A Bicentennial Sampler

COPYRIGHT © 1976, WHITNEY MUSEUM OF AMERICAN ART

In an imposing observance of the nation’s Bicentennial the Whitney Museum of American Art in New York City has devoted its entire building to a huge, exciting exhibition celebrating “200 Years of American Sculpture.” The show opened in March of this year and will run until mid-September. Altogether, more than two hundred sculptors are represented. Read more »

Mallet, Chisel, And Curls

Vinnie Ream sculptured Lincoln while she was still a teen-ager

President Lincoln had been dead more than three years in May of 1868, and the model of his statue still rested unfinished in young Vinnie Ream’s Capitol studio. Now its very completion was threatened by a band of bitter congressmen who had failed to eject Mr. Lincoln’s successor from the White House and, in their frustration, would try to turn Vinnie’s ambition to ashes as well. Read more »

Only One Life, But Three Hangings

In September a statue of Nathan Hale, martyr-patriot of the Revolution, is to be unveiled near the main entrance to the CIA headquarters in Washington. A similar statue has stood for some years next to the headquarters of the FBI, and there are other copies of it in New London and Bristol, Connecticut, and at Phillips Academy, Andover, Massachusetts. Hale was hanged by the British in New York in 1776 while on a behind-the-lines espionage mission for General Washington.Read more »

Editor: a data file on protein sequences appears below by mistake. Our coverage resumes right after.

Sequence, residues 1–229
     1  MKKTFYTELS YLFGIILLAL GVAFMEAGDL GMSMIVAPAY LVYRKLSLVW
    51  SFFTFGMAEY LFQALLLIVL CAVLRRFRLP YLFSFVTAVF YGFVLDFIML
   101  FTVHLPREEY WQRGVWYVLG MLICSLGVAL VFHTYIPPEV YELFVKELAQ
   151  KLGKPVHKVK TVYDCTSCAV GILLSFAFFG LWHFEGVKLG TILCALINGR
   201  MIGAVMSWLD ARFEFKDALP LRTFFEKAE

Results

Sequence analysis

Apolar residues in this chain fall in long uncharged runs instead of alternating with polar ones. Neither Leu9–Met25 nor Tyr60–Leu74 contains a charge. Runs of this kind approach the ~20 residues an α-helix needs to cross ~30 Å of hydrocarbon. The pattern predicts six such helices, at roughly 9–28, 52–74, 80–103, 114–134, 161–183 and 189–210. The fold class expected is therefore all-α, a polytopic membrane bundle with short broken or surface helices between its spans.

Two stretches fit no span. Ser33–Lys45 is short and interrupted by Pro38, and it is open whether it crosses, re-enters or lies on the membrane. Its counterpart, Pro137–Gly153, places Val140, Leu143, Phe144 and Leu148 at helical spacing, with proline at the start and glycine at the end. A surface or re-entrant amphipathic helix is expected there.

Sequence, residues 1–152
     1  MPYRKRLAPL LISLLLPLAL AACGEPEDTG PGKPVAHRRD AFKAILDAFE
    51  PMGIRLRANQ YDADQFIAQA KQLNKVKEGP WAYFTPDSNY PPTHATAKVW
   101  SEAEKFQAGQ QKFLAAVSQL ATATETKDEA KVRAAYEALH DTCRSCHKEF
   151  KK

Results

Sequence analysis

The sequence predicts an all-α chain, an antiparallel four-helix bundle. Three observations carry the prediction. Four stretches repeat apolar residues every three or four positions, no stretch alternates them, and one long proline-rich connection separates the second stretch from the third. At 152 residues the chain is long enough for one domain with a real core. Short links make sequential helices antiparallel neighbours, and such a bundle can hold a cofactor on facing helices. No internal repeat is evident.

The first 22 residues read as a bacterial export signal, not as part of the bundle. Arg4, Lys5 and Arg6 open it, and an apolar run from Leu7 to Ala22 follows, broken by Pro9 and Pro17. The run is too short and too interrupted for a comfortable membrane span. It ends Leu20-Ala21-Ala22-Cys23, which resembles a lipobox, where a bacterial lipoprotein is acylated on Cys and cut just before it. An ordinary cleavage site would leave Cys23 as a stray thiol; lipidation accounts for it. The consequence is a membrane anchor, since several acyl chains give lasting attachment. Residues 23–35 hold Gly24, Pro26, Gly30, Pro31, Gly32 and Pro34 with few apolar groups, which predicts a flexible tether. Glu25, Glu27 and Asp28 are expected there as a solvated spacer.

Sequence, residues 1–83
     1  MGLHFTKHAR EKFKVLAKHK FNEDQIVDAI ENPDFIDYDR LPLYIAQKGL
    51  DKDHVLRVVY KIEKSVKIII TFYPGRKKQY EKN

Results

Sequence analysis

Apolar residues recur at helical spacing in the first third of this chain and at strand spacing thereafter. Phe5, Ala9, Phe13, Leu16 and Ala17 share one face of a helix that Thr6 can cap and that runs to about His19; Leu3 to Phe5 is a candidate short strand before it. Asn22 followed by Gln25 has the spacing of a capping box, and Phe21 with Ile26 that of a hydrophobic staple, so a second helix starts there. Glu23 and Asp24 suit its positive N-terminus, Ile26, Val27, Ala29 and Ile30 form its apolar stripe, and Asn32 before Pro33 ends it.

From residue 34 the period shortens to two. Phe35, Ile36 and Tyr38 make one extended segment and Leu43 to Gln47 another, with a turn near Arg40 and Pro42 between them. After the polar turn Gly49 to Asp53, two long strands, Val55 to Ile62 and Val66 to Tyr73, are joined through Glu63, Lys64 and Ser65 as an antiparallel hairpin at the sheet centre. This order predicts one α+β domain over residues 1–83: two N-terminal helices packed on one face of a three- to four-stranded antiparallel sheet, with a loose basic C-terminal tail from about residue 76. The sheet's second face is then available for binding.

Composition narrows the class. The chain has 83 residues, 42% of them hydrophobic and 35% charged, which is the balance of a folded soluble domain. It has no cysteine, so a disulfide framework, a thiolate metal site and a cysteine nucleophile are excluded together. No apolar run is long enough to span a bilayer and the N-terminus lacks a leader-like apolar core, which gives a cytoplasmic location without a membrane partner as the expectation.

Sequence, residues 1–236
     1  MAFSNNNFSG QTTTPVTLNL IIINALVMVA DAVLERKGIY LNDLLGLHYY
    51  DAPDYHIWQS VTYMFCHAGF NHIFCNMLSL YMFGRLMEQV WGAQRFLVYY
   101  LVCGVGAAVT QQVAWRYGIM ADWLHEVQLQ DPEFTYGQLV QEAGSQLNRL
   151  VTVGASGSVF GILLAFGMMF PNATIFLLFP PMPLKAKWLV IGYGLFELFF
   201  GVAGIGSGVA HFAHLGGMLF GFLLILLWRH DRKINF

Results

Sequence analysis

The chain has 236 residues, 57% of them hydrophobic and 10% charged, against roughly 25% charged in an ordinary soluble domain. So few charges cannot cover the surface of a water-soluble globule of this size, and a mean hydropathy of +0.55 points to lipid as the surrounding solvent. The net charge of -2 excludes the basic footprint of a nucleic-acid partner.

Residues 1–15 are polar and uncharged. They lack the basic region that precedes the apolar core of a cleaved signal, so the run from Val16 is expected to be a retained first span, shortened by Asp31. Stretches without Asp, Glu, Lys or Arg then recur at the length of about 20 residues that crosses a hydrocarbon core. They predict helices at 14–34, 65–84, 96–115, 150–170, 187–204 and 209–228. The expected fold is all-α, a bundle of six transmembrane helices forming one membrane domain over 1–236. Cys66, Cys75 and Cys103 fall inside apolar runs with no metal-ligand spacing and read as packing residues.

Sculpting T.R.

In December, 1968, we printed “A Dakota Boyhood,” a warm, sensitive appreciation of childhood taken from an unpublished autobiography of the popular American sculptor James Earle Fraser. Fraser, the designer of our familiar buffalo nickel, died in 1953. His autobiography was discovered among his papers, subsequently presented to Syracuse University. Read more »

George Washington Sat Here … And Here …

James Fenimore Cooper told him; Charles Sumner and Ralph Waldo Emerson told him; even Charles Bulfinch, one of the architects of the Capitol, told him; but Horatio Greenough knew his own mind. The gigantic monument to George Washington taking shape in Greenough’s Florentine studio was to be “the birth of my thought.Read more »

First In Toga, First In Sandals—

 

As Artemus Ward once put it, “Old George Washington’s forte was not to hev any public man of the present day resemble him to eny alarmin extent.”